SQL Server 2016 – A New Strategy to Security
I was challenged recently to describe why Microsoft would have specific characteristics like xp openrowset and cmdshell if this attribute wasn’t full of security holes disabled by default. The jist of the conversation was that these attributes must include security holes that are serious Microsoft wouldn’t have disabled them. Empowering so would be completely negligent.
I’ve been a SQL Server DBA since 1996 and have observed the merchandise of Microsoft evolve over time. I believe it’s safe to say that Microsoft didn’t “get” security early on.
The new approach towards security of Microsoft: “We are going to reconsider our way of security. We’ll analyze our code for susceptibility. We are going to release patches as needed. So that you can keep the footprint small we are going to turn off most attributes by default. Turn it on if you want something. But should youn’t want it, leave it away. This way if your vulnerability is found in a merchandise you aren’t using, you will not be changed.”
I ‘d contend the most of the obvious security “holes” were a consequence of a mix of inferior layout and human error. Especially:
took too long to release patches once the susceptibility were identified and neglected to find susceptibility inside their source code
to keep the most recent patches implemented so leaving their servers exposed to known exploits
By searching out unpatched SQL Server’s this virus spread quickly. There were an incredible number of these servers exposed online, including the run by financial institutions of SQL Server. Sasser did lots of damage. Sasser did this by running remote procedure calls on servers that are unpatched.
The means to fix Sasser fashion strikes is of course is twofold. Microsoft must be ascertained to hunt down vulnerabilities in release patches and their code in a timely manner, and we as DBA’s must be alert in using those patches.
As it pertains to SQL 2005 and attributes like xp cmdshell that is _, we must remember that Microsoft assembled these characteristics allowing database programmer to develop programs that are rich effective at performing complex processing jobs. It’s the intent of NOT Microsoft that individuals keep these features turned off. Keep your program footprint modest and reduce your vulnerability to strike.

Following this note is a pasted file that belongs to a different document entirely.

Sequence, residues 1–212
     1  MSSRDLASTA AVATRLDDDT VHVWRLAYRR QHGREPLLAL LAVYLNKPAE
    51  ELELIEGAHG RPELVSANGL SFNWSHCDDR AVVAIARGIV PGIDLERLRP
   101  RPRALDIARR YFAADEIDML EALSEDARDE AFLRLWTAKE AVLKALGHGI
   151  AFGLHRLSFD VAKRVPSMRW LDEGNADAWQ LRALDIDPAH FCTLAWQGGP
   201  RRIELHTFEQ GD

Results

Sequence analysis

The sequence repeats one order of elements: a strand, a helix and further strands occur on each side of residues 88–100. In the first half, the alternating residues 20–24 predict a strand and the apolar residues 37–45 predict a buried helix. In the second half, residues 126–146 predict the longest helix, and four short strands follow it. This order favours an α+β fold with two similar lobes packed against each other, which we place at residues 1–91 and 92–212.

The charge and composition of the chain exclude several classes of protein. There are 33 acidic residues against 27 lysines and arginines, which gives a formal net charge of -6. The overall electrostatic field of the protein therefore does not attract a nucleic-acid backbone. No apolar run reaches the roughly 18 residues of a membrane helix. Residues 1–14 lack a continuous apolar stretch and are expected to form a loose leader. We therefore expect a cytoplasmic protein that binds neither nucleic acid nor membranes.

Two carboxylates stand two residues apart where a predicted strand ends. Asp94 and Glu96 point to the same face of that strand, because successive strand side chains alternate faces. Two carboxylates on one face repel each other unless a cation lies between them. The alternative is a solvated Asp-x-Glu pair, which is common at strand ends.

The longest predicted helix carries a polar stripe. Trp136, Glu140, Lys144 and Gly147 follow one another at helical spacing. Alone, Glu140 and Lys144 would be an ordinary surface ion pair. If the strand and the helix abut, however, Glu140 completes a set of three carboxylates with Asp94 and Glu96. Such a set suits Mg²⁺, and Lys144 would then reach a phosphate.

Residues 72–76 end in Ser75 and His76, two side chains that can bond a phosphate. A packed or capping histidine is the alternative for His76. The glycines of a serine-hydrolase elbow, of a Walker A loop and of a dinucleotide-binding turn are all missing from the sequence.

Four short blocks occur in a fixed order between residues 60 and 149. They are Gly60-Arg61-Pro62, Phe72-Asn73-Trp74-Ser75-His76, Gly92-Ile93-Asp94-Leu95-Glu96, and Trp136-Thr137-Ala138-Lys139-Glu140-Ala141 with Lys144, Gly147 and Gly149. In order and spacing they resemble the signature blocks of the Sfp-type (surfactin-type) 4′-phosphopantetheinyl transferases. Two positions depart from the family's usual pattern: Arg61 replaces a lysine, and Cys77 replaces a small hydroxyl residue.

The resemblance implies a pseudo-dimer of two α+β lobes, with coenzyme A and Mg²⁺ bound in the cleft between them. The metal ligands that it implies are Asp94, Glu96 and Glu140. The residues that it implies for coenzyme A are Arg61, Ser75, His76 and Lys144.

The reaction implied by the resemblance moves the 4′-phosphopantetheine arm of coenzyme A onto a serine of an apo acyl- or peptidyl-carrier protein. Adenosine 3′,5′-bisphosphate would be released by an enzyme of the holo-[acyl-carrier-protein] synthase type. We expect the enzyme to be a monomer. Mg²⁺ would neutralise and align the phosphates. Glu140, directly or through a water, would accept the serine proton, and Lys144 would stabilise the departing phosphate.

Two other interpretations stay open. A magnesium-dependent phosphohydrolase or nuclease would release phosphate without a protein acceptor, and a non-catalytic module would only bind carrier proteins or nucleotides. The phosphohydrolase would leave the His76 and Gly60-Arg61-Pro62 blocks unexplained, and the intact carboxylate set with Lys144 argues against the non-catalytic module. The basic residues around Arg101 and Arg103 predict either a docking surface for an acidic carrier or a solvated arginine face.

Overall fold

You could say the most risk-free SQL Server is one that’s turned off. That wouldn’t be invaluable to anyone, and somebody could walk away with a back-up of the database. They could just yank the hard drives out and place them in tote like yesterday’s filthy tupperware.
Below are some other characteristics which might be turned off by default:
openrowset / opendatasource Permits SQL Server to query an external datasource without having to define a “connected server”
CLR – Common Runtime Language This is among the largest selling features for SQL 2005 which lets you code SQL Financial Accounting procedures offering code from any of the .NET programs
User accounts that want to perform mass inserts must first be assigned the job of “BulkAdmin”.
You should also not be unaware of how security when mass adding information is handled by SQL 2005. To the file, the user must have access in SQL Server 2005.
We experienced an extremely frustrating and hard to solve trouble when we attempted to perform mass inserts.
This is more generally called the “Two Network Hop” issue. SQL attempts to catch the file from a network share using our certificate (hop 2). The primary domain controller reacts saying “I do not understand what you’re attempting to do”.
The LAN management team who was helping us solve the issue were perplexed regarding why we were having trouble, when they weren’t. That puzzle was solved by me once I understood the LAN system administrators were using remote desktop for connecting to the server afterward Management Studio would open on the server. SQL Server could seize the file because only one network hop was involved.
Database Email Enables the database procedures to send email messages via SMTP
These attributes are simply turned off to minimize the footprint of the SQL Server as I’ve already said. The smaller the footprint, the less code which is running that may be exposed to assault. The attributes are not neither good nor insecure. But should you n’t want them, do not’ run them.